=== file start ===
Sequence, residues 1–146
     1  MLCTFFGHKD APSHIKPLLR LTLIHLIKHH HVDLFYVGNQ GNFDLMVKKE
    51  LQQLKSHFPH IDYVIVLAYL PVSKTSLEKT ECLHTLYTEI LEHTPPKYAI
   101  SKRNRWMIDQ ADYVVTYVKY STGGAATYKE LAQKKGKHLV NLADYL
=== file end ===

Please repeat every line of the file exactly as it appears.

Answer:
Sequence, residues 1–146
     1  MLCTFFGHKD APSHIKPLLR LTLIHLIKHH HVDLFYVGNQ GNFDLMVKKE
    51  LQQLKSHFPH IDYVIVLAYL PVSKTSLEKT ECLHTLYTEI LEHTPPKYAI
   101  SKRNRWMIDQ ADYVVTYVKY STGGAATYKE LAQKKGKHLV NLADYL